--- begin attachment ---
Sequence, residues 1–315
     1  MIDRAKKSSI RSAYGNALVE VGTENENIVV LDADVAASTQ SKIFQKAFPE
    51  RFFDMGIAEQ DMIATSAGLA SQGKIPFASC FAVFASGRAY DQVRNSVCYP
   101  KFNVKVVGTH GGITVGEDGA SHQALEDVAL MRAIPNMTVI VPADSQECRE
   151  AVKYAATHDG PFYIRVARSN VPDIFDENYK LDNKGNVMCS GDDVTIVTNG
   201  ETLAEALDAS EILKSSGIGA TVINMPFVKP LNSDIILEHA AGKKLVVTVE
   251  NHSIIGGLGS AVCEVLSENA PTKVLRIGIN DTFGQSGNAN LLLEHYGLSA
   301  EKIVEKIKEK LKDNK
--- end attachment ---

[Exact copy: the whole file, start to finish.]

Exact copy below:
Sequence, residues 1–315
     1  MIDRAKKSSI RSAYGNALVE VGTENENIVV LDADVAASTQ SKIFQKAFPE
    51  RFFDMGIAEQ DMIATSAGLA SQGKIPFASC FAVFASGRAY DQVRNSVCYP
   101  KFNVKVVGTH GGITVGEDGA SHQALEDVAL MRAIPNMTVI VPADSQECRE
   151  AVKYAATHDG PFYIRVARSN VPDIFDENYK LDNKGNVMCS GDDVTIVTNG
   201  ETLAEALDAS EILKSSGIGA TVINMPFVKP LNSDIILEHA AGKKLVVTVE
   251  NHSIIGGLGS AVCEVLSENA PTKVLRIGIN DTFGQSGNAN LLLEHYGLSA
   301  EKIVEKIKEK LKDNK